Wednesday, September 28, 2005

Greenspan "lost in translation"

Reuters reported:

U.S. Federal Reserve Chairman Alan Greenspan told France's Finance Minister Thierry Breton the United States has "lost control" of its budget deficit, the French minister said on Saturday.

"'We have lost control,' that was his expression," Breton told reporters after a bilateral meeting with Greenspan.
"The United States has lost control of their budget at a time when racking up deficits has been authorized without any control (from Congress)," Breton said.

"We were both disappointed that the management of debt is not a political priority today," he added.

While the Federal Reserve refused to comment on M Breton’s reports of its Chairman’s views, A senior US official suggested the French minister must have misunderstood Mr Greenspan’s remarks. “Things can get lost in translation,” the official said.

I wonder if the 'senior US official' means that Greenspan was speaking poor French. Or was Greenspan speaking English and Breton had trouble understanding? Or was a 'Michael Brown' of a translator employed to translate? If the phrase "we have lost control" can be so poorly translated, should we be worried other problems in communication during these bilateral meetings?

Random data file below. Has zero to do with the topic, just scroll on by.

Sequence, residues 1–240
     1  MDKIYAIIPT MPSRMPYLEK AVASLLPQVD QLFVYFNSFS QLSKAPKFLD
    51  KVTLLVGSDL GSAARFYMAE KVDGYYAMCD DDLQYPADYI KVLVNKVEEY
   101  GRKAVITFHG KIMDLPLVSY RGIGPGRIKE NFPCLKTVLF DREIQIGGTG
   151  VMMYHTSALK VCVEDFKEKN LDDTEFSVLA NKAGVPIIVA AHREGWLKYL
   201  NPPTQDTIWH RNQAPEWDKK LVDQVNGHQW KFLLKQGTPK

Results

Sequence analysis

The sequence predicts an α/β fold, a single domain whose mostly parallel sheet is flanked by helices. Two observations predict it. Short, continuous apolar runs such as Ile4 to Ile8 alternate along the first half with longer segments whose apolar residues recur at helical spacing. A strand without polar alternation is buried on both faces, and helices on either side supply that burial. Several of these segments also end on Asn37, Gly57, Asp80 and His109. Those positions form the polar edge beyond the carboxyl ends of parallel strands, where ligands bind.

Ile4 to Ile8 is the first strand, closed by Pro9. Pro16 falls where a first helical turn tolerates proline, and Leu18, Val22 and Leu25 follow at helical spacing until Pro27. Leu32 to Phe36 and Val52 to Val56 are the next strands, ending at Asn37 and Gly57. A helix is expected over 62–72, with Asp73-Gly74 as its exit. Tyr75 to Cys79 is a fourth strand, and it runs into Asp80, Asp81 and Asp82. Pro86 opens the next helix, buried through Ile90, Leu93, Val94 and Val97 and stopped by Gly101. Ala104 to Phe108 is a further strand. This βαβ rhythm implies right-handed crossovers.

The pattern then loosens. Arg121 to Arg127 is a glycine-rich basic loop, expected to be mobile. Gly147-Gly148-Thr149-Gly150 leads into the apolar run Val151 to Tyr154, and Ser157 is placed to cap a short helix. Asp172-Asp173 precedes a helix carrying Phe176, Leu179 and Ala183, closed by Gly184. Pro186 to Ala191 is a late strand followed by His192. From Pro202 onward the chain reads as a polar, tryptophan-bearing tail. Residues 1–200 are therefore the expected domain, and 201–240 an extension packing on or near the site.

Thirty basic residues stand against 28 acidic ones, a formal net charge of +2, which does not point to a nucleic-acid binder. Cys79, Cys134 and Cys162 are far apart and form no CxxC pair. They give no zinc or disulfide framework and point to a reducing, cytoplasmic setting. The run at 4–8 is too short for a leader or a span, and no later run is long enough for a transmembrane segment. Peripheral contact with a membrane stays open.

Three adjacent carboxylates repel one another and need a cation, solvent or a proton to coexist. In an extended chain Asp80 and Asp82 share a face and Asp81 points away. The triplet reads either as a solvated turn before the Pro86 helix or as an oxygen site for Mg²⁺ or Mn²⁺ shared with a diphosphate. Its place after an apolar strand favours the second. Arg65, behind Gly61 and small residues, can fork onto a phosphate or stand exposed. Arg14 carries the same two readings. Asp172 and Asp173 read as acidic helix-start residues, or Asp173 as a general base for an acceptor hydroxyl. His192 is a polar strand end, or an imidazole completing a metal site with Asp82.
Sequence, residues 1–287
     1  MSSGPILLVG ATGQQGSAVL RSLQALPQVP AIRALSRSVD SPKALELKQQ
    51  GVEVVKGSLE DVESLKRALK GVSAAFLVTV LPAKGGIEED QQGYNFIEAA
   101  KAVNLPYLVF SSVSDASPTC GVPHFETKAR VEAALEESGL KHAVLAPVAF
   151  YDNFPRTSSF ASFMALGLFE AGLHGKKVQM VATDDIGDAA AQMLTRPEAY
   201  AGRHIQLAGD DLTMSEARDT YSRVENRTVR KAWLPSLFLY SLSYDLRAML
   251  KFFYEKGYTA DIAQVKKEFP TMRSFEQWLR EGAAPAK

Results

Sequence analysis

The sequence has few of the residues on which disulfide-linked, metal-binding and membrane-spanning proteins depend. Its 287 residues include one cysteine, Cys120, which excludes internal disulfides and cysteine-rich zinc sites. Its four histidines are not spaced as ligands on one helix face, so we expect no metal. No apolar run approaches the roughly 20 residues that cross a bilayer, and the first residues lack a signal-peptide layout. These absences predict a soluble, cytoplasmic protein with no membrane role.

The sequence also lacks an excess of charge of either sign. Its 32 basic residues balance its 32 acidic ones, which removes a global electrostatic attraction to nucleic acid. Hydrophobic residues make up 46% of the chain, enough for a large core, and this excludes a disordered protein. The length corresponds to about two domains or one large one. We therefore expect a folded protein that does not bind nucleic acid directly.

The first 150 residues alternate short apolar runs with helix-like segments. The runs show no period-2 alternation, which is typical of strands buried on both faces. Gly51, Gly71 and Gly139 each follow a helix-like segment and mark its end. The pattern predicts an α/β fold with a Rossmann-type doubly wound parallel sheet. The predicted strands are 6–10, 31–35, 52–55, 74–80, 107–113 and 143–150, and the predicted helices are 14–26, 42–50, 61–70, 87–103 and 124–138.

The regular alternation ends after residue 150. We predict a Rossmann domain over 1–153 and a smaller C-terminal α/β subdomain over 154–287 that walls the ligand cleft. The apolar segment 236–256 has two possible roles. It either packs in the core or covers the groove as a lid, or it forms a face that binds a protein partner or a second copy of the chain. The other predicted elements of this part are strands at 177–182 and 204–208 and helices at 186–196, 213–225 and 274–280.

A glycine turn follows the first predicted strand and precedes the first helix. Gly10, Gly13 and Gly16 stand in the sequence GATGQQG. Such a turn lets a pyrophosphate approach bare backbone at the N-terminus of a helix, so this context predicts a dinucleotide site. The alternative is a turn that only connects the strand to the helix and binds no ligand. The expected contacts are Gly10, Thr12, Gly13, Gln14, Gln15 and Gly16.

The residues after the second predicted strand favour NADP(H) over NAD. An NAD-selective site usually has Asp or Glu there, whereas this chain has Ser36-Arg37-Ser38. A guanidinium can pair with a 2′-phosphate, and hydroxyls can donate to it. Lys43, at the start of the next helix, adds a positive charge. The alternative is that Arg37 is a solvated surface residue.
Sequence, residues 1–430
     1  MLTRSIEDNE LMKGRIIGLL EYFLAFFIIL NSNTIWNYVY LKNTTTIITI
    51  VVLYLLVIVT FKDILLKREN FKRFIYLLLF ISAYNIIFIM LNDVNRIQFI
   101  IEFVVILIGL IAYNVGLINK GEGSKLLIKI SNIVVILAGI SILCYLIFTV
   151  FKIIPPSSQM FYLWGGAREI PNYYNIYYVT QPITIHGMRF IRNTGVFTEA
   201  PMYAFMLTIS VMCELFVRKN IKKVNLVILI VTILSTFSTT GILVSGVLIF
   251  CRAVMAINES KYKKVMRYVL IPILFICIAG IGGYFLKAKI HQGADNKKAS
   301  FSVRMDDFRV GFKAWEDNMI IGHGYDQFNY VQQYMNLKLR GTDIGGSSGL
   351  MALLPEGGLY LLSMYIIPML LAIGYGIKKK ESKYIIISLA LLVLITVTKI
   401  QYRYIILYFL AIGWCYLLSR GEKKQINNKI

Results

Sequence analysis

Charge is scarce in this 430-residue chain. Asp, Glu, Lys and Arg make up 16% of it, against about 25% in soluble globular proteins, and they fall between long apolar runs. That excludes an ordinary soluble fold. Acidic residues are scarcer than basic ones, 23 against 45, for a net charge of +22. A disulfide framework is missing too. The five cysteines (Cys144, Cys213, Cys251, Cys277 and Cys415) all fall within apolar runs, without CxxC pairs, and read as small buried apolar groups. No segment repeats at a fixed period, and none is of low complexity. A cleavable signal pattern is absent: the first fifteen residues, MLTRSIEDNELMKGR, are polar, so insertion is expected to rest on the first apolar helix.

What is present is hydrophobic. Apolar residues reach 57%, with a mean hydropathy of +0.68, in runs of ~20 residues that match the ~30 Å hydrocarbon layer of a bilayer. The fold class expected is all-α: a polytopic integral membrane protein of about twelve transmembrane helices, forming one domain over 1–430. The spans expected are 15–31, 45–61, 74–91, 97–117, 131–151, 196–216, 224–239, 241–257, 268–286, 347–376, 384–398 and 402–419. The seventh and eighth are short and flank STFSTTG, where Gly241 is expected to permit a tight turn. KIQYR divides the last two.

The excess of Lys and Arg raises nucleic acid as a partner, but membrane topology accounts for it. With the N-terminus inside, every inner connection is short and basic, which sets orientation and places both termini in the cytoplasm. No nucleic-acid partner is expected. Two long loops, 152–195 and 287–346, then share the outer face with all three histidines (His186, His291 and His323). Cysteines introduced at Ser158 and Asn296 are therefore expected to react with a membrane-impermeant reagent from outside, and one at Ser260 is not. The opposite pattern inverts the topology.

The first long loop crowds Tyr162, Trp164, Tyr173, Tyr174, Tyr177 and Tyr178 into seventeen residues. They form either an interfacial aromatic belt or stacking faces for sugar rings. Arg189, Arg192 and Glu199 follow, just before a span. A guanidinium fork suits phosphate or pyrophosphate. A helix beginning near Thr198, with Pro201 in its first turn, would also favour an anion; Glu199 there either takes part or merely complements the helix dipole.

Meanwhile, the US Treasury also rejected any suggestion that the deficit was out of control. “This administration is absolutely committed to the President’s goal of halving the deficit as a percentage of GDP by 2009 and we have every expectation of meeting that goal,” a spokesman said.

So 'in control' means spending a surplus, running up historic deficits, and then expecting to leave only half that debt for another administration (and generation of taxpayers).


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